Artists: Dale Lloyd
Title: Eminus: Hymns From The Horizon
Catalog Number: and/5
Release Year: 2002 / 2003
Format: CDR
Status: Sold Out

Track List:
01. Eminus 1
02. (silence)
03. Eminus 2
04. Eminus 3
05. (silence)
06. Eminus 4
07. Eminus 5
08. (silence)
09. Eminus 6
10. Eminus 7
11. (silence)
12. Eminus 8
13. (silence)
14. Eminus 9
15. (silence)
16. Eminus 10
17. Eminus 11
Amorphic works composed from metal and wood sound sources (some of
which were objects performed by Jon Tulchin and Isaac Sterling), field
recordings, and voices.

"
Eminus came out of an ongoing fascination for distant and indecipherable
sounds. This work contains 6 silent tracks out of 17, varying from 10
seconds to 55 seconds in length. Listening to this disc while in the "shuffle"
mode on your cd player, is highly recommended after the first initial listen, if
one is so inclined."  (Dale Lloyd)

"Nascent landscapes derived from filaments of clouds, vague appearances,
a deep dive into subliminal occurrences..."  (Daniel Crokaert - Mystery Sea)
Ear/Rational   (April 2004)
This disc starts with a beautiful track - it sounds like the deepest ocean or an
aurora borealis. Many tracks on here have bass notes that seem like deep
rolling thunder across a never ending plain with the ever so slightest hints of
other harmonic frequencies. Pure listening pleasure. This is delicate music,
one dog barking outside would forever change the actual recording on the
CD. Sometimes I wish I could see wind - all you can see is its effects but you
never get to actually see it by itself. But this CD is what wind sounds like. I
want to get 10 subwoofers all around my house and attempt to destroy the
foundation by playing this disc at top volume.  (Don Poe)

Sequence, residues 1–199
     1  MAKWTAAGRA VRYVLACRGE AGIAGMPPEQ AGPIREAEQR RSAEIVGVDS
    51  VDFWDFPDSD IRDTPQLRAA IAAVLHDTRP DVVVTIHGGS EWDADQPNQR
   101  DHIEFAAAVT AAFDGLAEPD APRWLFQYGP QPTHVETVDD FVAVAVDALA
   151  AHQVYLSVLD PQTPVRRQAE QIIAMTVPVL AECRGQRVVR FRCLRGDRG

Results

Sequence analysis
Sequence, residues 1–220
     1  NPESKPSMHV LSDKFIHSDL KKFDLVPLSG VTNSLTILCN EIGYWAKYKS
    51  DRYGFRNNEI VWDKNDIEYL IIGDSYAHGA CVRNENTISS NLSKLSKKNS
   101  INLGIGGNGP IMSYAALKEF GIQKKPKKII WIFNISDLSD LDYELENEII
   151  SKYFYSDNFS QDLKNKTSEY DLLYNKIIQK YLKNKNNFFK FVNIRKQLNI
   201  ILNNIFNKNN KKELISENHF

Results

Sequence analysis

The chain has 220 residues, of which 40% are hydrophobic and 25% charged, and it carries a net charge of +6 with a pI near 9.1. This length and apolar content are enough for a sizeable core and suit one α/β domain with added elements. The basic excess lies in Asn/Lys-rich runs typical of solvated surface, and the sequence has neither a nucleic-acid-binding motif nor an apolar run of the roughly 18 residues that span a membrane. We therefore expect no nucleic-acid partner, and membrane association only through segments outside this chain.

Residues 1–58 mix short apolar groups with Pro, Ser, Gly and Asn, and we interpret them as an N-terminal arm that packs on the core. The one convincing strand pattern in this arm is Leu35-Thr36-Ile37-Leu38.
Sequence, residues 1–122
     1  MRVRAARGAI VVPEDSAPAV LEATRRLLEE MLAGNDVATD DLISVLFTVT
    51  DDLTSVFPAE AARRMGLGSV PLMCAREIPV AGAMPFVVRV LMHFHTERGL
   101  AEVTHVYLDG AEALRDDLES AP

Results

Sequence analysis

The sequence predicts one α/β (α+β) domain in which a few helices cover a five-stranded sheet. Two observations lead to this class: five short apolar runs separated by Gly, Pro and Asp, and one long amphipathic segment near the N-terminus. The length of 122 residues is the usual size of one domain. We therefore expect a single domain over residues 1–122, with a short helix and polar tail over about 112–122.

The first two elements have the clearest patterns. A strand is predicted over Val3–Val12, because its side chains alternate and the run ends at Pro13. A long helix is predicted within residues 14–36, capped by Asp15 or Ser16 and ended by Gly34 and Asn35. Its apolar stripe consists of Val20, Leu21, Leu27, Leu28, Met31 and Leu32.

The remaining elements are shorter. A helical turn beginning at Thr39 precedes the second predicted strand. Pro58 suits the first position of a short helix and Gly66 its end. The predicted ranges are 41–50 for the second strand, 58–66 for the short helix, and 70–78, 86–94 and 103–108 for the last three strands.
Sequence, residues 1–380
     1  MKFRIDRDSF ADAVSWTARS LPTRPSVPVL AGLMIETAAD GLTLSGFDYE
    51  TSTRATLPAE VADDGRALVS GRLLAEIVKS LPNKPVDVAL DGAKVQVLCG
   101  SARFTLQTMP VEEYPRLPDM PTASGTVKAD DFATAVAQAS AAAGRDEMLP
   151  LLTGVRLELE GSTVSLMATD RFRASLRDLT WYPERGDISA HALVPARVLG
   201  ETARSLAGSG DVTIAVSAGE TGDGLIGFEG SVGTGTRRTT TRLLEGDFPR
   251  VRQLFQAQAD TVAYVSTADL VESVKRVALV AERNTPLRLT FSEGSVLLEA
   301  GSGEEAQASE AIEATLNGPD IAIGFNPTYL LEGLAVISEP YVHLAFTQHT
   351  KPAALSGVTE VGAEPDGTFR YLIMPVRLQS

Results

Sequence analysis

ReR  (November 2003)
CD in a DVD box. Distant, indecipherable sounds. Atmospheres, serious low
frequencies. Quietly fascinating.  (Chris Cutler)
Incursion - issue 70  (August 2003)
Sound artist and phonographer Dale Lloyd released this recording on his
own and/OAR label last year. He's had a few releases since then, so
admittedly, I'm a little late in getting to this one. Growing out of a fascination
with distant and indecipherable sounds, the pieces collected here carry both
the stillness and broad trajectory of gazing out at the horizon, capturing its
essence and amplifying its resonance. These compositions were created
using field recordings and voices, but also recordings of metal and wood
objects performed by Jon Tulchin and Isaac Sterling. The compositions are
accompanied by six short tracks of silence, ranging from 10 to 55 seconds
and peppered throughout the track list, meant to extend the experience of
listening, "to extend the spatial field of track occurrences," or more simply, to
give the listener pause at certain moments to reflect on the sounds
contained herein. And, it should be said, this method works well. Whether
listening to the disc in continuous playback or in shuffle mode (as the notes
suggest), the overall impression is that I am listening to one long piece, with
pauses, silences, spaces in between events. When you look out on the
horizon, maybe you are greeted by the apparent silences of things, surprised
by the stillness, then you might hear something in the distance, a ship on the
sea, the waves, the wind through the branches, low frequencies combining
in subtle turns, the sounds of which funnel through your ears and  cause
vibrations that you can still feel, even now, as days, months, years, have
passed since you heard those sounds, still alive in your memory, still
resounding from the distance.  (Richard di Santo)